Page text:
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A facility in Boston, Massachusetts received a ProChem Metaloc (Metals-Selective Ion-Exchange) system.

The Metaloc system is a standalone, skid-mounted system that will remove lead and other water contaminates from wastewater generated from battery washing operations at the facility.

The system is set up to treat in batches at a flow rate of up to 6gpm. The treated water will be recirculated and reused, eliminating the need to discharge to the sanitary sewer system. The system is equipped with electronic sensors to monitor flow, conductivity, pressure, and water level with alarm capabilities. The columns are dual arrangement such that one set may be put in-service while the other set is being regenerated at the ProChem regeneration facility.

About Wet Testing

Before we ship a system to a customer site for installation, we test it here in our facility in Virginia. We call it a "wet test." Wet testing includes running water through the system, testing and calibrating instruments, checking for leaks, simulating scenarios, training Technical Services staff, applying finishing touches, and ensuring all the pieces are functional and present before shipping.

ProChem is currently starting up a 10gpm CWP - continuous flow wastewater treatment system at a leading global securities company. The system will remove heavy metals and suspended solids from their waste stream before discharging it.  The following images are from the wet testing that was conducted on this CWP system.

 T104 Filling with Water

T104 filling with water for the wet test.

 

Technician, Turner Ward, calibrating a pH sensor.

 

Technical Services Representative, Scott Buff, getting familiar with the HMI.

 

I & C Manager, Mark Trussell, triple checking the PLC program.

Next Steps

After the successful we test, this system was shipped to Utah for installation. The installation and start-up process is now nearly complete. This process includes operations training and dedicated Technical Services staff on site. They are there to ensure that the system is running effectively, that the operations staff is ready to operate it on their own, and that our customer's expectations have been met--before we leave the site.

Watch a video from the wet testing on our YouTube channel: https://www.youtube.com/watch?v=5Ja76_vpMCM

What is Ammonia?

Ammonia (NH3) is a compound that is made of two gases: nitrogen (N) and hydrogen (H). It is colorless and has a distinct odor. Ammonia is used in many industries. In agriculture, for example, it is used for fertilizer. It is also used in food processing, metal finishing, chemical synthesis, ceramic production, oil refining, and many other industries. All of these industries produce wastewater that will contain concentrations of the Ammonia they use in their manufacturing process. Some forms of Ammonia are toxic to the environment.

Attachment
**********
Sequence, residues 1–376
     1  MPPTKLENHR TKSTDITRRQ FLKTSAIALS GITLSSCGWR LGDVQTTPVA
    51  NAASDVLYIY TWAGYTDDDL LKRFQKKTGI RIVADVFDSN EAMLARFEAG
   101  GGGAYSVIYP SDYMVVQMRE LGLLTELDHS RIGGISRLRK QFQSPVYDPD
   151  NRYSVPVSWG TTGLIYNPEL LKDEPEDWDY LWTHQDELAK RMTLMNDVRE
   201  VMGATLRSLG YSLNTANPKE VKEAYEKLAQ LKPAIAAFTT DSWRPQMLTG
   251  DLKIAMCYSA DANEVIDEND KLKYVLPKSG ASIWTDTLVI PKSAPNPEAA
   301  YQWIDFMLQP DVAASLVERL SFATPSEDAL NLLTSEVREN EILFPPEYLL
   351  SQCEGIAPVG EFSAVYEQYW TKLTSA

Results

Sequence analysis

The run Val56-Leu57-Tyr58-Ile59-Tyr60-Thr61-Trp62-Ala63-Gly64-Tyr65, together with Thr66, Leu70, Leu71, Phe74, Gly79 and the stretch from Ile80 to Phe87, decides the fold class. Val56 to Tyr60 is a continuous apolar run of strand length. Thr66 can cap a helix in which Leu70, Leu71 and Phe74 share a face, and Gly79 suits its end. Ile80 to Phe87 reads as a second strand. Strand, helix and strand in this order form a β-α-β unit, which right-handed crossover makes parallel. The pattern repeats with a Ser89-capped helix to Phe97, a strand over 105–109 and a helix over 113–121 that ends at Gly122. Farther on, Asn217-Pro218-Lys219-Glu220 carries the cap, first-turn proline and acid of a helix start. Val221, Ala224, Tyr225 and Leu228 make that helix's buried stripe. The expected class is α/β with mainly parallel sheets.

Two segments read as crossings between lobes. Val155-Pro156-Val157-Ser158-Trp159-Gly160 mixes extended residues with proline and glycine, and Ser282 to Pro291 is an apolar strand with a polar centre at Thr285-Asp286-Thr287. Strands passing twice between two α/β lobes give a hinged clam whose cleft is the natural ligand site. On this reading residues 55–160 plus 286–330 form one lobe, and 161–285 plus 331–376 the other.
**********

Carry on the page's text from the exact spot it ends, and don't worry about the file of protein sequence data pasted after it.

What does Ammonia do in water?

When Ammonia reacts with water, it forms a weak base (pH >7). Two species of this compound exist in water: ionized NH4 (Ammonium) and non-ionized NH3 (Ammonia). It is the non-ionized form that is toxic. Generally, the equilibrium shifts toward a greater amount of non-ionized toxic NH3 with increasing pH. NH3 + H2O ↔ NH4 + OH One molecule of Ammonia reacts with one molecule of water to form an Ammonium ion and Hydroxyl ion. As the pH increases, the reaction moves more to the left, and the amount of toxic Ammonia increases. Concentrations of Ammonia (NH3) ranging between 0.5 ppm to 23 ppm are toxic to freshwater aquatic life. Ammonium is broken down by aerobic organisms to form nitrate (NO3) in a two step process: 2 NH4+ + 3 O2 → 2 NO2− + 2 H2O + 4 H+ 2 NO2− + O2 → 2 NO3− Ammonia can also complicate wastewater treatment by complexing the metals that are concentrated in the wastewater, making the metals more difficult to remove.

How is wastewater treated for Ammonia?

There are many methods for removing Ammonia/Ammonium from industrial wastewater. Some of the more common methods are listed here:

  • Conventional activated sludge: A biological treatment method. This method requires expensive capital equipment and large tanks or concrete basins.
  • Aeration: A time consuming and expensive method. This method requires a capital equipment investment and is used with conventional activated sludge to break down organic matter.
  • SBR (Sequencing Batch Reactor): This process usually has several treatment steps that may include conventional activated sludge and aeration, in addition to a third and fourth step. This method requires an expensive capital investment and most often uses concrete basins.
  • Ion-Exchange: The most economical method. This method requires lower capital investment in equipment and has a smaller footprint even for a large application. The same resins that are used to remove the Ammonia/Ammonium will also remove nitrates simultaneously.

ProChem strives to help their customers establish the highest level of credibility and a positive reputation within the regulatory community. Their goal is to significantly reduce the amount of fresh water that manufacturers require by providing sustainable solutions that will also benefit the customer’s bottom line.